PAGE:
On October 28th we saw Accel Sumiyoshi and Tatsuya Yanagi, fight to a draw in a Japanese title eliminator at Lightweight. Despite being held to a draw Sumiyoshi became the mandatory, and now the next question is who will he be up against at the 2019 Champion Carnival, when he gets his shot at the belt.
We'll find out who Sumiyoshi's opponent will be on December 13th, when current Japanese Lightweight champion Shuichiro Yoshino (8-0, 6) makes his third defense and takes on the challenge of Kazumasa Kobayashi (10-7-1, 6). On paper this looks like a very straight forward defense for the talented champion, but sees him keeping a very good level of activity with a 4th bout in just 14 months.
Yoshino is a really classy fighter who was former amateur standout before making his professional debut in 2015. Ever since debuting Yoshino has been earmarked for success and has been matched hard as he and his team chase titles and accomplishments. In just his 4th professional bout he beat Yoshitaka Kato and he would claim the Japanese title in just his 6th bout, stopping veteran Spicy Matsushita. Since then he defended the belt with stoppage wins over Masaski Saito, in the 2018 Champion Carnival, and Genki Maeda. Not only has he been stopping opponents but he has been doing it early, and late, proving he has stamina to go with his power and skills.
Although Yoshino hasn't yet gone beyond Japanese level, we believe he's the best Japanese Lightweight out there. We feel he'd beat OPBF champion Masayoshi Nakatani and WBO Asia Pacific champion Nihito Arakawa. Hopefully in 2019 he gets those chances, as he is far too good to waste time on the domestic title scene.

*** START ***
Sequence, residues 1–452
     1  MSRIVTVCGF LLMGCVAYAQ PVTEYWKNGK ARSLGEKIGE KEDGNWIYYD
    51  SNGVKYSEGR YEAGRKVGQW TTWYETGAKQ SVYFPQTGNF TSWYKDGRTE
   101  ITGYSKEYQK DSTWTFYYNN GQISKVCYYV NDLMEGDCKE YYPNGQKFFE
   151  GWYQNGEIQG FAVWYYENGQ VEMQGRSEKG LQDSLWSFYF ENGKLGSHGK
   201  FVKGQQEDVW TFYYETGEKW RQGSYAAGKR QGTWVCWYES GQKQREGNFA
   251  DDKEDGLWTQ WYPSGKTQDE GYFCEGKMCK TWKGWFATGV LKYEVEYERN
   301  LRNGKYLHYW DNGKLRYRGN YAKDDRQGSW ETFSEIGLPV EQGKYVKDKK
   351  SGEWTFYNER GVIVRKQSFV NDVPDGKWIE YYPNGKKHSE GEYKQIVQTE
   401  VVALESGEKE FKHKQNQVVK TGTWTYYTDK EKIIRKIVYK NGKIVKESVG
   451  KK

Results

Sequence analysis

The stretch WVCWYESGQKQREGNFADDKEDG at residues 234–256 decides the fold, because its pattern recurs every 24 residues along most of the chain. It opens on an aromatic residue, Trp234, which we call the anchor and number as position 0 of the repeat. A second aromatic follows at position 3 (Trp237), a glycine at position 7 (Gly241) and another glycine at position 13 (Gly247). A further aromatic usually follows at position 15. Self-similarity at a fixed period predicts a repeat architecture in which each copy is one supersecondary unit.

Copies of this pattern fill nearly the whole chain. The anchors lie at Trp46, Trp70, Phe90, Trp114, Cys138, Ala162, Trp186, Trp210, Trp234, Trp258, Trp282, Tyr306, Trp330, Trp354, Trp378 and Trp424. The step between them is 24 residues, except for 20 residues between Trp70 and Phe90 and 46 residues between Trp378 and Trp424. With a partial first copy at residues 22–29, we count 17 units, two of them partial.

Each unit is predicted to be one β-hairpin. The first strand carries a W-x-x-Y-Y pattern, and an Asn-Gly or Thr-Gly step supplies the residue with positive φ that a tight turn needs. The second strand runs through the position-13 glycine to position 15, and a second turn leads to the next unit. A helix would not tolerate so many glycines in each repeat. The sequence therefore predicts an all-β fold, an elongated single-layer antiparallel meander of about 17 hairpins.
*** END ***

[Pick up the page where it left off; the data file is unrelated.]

The 35 year old challenger has had a relatively weird career, . He debuted almost 13 years ago, as a 22 year old, and has had a stop start career. He fought 4 times within 11 months to begin his career but suffered his first loss and spent over 30 months away from the ring. He would go on to have several more breaks over the years, including taking the entire of 2016 out of the ring. As well as the inactivity he has also had inconsistent results, though he has gone up against notable fighters, such as Takashi Inagaki, Masanobu Nakazawa, and Kota Tokunaga.
From his last performance Kobayashi looked like a huge Lightweight, who appeared to be tough, surprisingly fit for a 35 year old with a decent work rate and his knockout blow against Noriyoshi Taki looked really impressive. He's a weird looking fighter, who lacks a lot of technical ability, but is unorthodox, awkward and can clearly hit hard, if he can connect with a thunderbolt.
We suspect that Kobayashi will be dangerous and unpredictable, but will struggle to cope with the variety, speed and slickness of Yoshino, who we expect to continue his reign and do so in style. The challenger has only been stopped once, in 7 rounds by Tomoya Yamada, but we expect him to be stopped again here by the smart, talented and strong Yoshino.
Sadly in 2019 we suspect that Yoshino will deal with Accel Sumiyoshi as well, and prove that he really is a class above the Japanese domestic level fighters who will be challenging him whilst he continues to hold this title.
Earlier this year we saw Takayuki Okumoto (21-8-3, 10) claim the Japanese Super Flyweight title, ending a short reign of Hiroyuki Kudaka. This coming Sunday he will make his first defense of the title, facing off with the unbeaten Masayoshi Hashizume (16-0-1, 10) in a bout between two Osaka based fighters each looking to end the year as a national champion and begin 2019 looking forward to a mandatory defense at the Champion Carnival.
The 26 year old champion won the title in his second shot at the belt, having come up short in his Japanese title challenge against Ryuichi Funai, via a 7th round technical decision. Despite losing to Funai he had been competitive and was certainly not embarrassing himself. In fact in many ways Okumoto's career is built up with solid efforts and peculiar match ups. They include taking on former world champion Ratanapol Sor Vorapin as a 15 year old in Thailand, something that just seems crazy now, and then returning to Thailand 6 years later and losing to Rusalee Samor. In recent years Okumoto has proven to be a very capable having scored wins over the likes of Yuta Saito, Sonin Nihei and the aforementioned Kudaka. In fact since losing to Samor in October 2013 Okumoto has gone 11-2-1 with the loses coming to Funai and Eaktwan BTU Ruaviking.